Four Ways Empowering Leadership Enables Empowered Employees

Psychologically empowered employees believe 1) their work is personally important, 2) they have the ability to successfully perform tasks, 3) they have the freedom to choose how to initiate and carry out tasks, and 4) their personal behavior at work contributes to important outcomes. (Spreitzer, 1995). This sense of meaning, competence, self-determination, and impact enables employees to perform their work with initiative and persistence.

An exceptional recent study published in the Academy of Management Journal showed that psychological empowerment had a significant effect on employee creativity. Empowered employees demonstrated higher intrinsic motivation and were also more engaged in the creative process of identifying problems, searching for information, and generating unique ideas to solve problems.

Some would argue that not all jobs require creativity. But all jobs encounter problems, and when those problems inevitably occur, it’s both more efficient and more effective to rely on the creativity of your employees to help plan and implement the solutions. Empowered employees improve your ability to excel as a leader.

But some employees want to be empowered more than others, a finding supported by this study. This study demonstrated that when an employee’s identification with empowerment is low, the empowering leader can help employees in four ways:

1. Enhance the meaningfulness of work

– Help employees understand the purpose, goals, and objectives of the company

– Help employees understand the importance of their work to the overall effectiveness of the company

2. Foster participation in decision making

– Consult employees on decisions that affect them

– Share decision making responsibility with employees

3. Express confidence in high performance

– Let employees know you believe they have the ability to improve even when they make mistakes

– Let employees know you believe they can handle demanding tasks

4. Provide autonomy from bureaucratic constraints

– Allow employees to make important decisions quickly to satisfy customer needs

– Keep rules and regulations simple and allow employees freedom in the way they perform the job

Empowering leadership starts between your ears. The assumptions you make about your employees drive your behavior toward them. Behave toward them in ways that will change their assumptions about your role and their personal role in the work that they do. Help them behave in ways that conform to these new and more empowered assumptions.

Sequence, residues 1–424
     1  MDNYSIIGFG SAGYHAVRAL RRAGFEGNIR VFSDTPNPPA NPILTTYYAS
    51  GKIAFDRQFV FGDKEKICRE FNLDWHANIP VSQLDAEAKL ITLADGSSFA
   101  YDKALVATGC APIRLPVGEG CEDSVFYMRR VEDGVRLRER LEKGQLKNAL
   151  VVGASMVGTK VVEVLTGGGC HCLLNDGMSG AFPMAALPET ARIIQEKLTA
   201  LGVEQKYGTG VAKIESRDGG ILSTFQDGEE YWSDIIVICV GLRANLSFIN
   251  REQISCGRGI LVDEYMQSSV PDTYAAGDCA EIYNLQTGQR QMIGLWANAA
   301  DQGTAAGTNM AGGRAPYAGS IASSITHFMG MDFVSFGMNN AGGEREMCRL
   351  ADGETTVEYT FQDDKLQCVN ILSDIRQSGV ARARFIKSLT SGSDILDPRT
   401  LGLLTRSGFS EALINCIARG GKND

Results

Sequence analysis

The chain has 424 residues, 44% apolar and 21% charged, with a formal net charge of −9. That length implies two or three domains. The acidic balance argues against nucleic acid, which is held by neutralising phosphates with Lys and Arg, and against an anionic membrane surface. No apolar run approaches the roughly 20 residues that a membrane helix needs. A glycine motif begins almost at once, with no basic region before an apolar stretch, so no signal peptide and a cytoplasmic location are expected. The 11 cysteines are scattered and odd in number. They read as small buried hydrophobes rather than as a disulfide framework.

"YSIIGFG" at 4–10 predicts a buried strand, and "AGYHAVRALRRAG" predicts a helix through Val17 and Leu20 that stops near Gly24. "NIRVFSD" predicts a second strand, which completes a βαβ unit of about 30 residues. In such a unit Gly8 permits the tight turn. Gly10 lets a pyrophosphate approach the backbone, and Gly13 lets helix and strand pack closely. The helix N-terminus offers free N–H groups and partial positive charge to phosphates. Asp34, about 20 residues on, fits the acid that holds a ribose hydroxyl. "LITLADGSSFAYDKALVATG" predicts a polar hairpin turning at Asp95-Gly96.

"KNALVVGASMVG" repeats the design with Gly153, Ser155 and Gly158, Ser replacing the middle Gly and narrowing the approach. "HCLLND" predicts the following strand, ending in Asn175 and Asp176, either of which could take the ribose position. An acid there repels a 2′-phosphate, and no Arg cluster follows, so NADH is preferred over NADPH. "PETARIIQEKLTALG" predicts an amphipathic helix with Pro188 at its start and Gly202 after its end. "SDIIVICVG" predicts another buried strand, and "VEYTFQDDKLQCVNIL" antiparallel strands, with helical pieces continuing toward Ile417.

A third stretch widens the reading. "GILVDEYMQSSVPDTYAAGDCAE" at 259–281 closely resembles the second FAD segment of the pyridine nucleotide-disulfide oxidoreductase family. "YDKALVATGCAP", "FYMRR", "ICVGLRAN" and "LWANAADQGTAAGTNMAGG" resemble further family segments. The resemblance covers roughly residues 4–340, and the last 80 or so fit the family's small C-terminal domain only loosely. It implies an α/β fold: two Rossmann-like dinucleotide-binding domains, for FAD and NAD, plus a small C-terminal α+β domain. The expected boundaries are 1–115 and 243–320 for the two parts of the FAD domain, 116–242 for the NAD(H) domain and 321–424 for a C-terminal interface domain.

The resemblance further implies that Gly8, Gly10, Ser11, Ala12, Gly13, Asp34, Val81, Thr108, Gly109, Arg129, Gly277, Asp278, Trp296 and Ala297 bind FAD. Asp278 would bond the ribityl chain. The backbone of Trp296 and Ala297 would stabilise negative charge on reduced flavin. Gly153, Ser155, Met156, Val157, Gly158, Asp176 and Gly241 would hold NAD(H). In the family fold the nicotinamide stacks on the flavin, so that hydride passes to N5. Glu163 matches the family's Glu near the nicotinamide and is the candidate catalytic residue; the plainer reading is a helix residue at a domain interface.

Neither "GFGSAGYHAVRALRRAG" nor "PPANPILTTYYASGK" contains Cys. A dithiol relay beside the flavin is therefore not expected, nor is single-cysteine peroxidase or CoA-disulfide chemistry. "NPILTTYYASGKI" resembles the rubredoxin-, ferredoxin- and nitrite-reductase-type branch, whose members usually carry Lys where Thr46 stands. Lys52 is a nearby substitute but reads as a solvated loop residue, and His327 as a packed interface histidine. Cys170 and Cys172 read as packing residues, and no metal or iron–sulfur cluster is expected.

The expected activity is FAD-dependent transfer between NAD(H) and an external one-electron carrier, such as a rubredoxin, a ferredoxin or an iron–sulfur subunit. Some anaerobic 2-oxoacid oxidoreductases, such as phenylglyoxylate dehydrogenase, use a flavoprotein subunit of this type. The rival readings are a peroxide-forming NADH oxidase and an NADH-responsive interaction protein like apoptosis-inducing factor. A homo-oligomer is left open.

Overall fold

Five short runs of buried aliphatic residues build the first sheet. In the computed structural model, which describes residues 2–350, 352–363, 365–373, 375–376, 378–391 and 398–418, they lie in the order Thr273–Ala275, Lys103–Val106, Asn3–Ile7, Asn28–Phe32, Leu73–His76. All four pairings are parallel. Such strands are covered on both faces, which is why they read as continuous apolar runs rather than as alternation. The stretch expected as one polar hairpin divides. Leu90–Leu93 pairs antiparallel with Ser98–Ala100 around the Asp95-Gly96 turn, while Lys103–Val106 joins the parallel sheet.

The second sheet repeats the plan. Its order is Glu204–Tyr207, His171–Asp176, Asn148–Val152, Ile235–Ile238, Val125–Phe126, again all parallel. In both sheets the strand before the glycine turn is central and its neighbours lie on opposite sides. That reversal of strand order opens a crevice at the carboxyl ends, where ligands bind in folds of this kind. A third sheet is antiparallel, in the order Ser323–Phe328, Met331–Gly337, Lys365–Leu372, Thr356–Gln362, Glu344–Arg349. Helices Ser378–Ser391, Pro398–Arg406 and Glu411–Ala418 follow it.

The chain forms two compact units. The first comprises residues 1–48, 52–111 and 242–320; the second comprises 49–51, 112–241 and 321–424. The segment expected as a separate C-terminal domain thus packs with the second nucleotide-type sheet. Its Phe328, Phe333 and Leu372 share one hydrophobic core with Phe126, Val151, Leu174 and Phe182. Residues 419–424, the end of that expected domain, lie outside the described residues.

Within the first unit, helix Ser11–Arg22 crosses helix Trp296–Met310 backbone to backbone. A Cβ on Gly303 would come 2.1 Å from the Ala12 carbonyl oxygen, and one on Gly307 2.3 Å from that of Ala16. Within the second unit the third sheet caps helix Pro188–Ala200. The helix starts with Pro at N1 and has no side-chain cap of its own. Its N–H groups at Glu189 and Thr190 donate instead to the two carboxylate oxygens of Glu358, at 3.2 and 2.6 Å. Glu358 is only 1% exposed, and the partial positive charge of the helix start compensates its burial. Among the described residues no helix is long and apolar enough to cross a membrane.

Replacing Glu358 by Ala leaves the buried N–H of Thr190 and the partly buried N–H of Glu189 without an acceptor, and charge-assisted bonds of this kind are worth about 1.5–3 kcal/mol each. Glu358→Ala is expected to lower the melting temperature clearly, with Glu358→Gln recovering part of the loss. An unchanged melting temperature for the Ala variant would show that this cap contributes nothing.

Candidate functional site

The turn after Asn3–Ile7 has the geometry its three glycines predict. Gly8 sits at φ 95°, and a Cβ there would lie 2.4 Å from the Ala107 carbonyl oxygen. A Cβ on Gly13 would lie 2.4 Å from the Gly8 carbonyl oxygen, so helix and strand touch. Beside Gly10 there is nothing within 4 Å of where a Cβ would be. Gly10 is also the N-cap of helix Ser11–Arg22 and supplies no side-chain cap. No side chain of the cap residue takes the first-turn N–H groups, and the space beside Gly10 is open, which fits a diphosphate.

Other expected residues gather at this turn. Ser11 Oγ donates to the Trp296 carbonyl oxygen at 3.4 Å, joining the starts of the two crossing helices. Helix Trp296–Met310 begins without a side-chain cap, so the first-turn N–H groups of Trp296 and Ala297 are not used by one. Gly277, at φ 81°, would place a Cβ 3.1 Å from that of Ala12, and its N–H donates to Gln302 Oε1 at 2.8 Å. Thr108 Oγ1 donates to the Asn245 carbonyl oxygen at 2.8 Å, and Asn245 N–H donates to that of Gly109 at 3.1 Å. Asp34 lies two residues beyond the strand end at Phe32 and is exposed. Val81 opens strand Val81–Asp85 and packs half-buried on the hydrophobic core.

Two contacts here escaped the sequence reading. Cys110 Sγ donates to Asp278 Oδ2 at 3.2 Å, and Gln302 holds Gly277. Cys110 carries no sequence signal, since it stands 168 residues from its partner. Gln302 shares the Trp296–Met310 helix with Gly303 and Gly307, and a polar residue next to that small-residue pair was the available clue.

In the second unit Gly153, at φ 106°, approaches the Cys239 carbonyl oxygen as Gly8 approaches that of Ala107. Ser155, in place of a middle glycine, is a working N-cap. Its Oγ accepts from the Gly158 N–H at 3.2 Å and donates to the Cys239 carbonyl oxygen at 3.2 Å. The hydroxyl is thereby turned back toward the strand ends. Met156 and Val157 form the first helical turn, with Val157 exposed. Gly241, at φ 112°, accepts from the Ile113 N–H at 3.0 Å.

Empowering leadership can create empowered employees, and empowered employees can create better solutions to your shared problems. Give yourself permission to make your job easier and your organization more successful by changing the way you think about your employees and your role as a leader.


Bret L. Simmons, Ph.D., is an Associate Professor of Management at The University of Nevada, Reno. He earned his doctorate in Business Administration at Oklahoma State University. Bret blogs about leadership and social business at his website Positive Organizational Behavior. You can also find him on TwitterFacebook, and LinkedIn.


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About the author

David Burkus is an organizational psychologist, keynote speaker, and bestselling author of five books on leadership and teamwork.

5 thoughts on “Four Ways Empowering Leadership Enables Empowered Employees”

  1. Interesting article. It seems these four methods are similar to Pink’s Drive (Autonomy, Purpose & Mastery). Noticeably absent is a valley that would correlate to mastery. Anything in the literature.

  2. I love the affirmative descriptions of the benefits of positive behaviors and leadership.
    Now the challenge is to translate these principles to people in the everyday grind to create an easily grasped habit.

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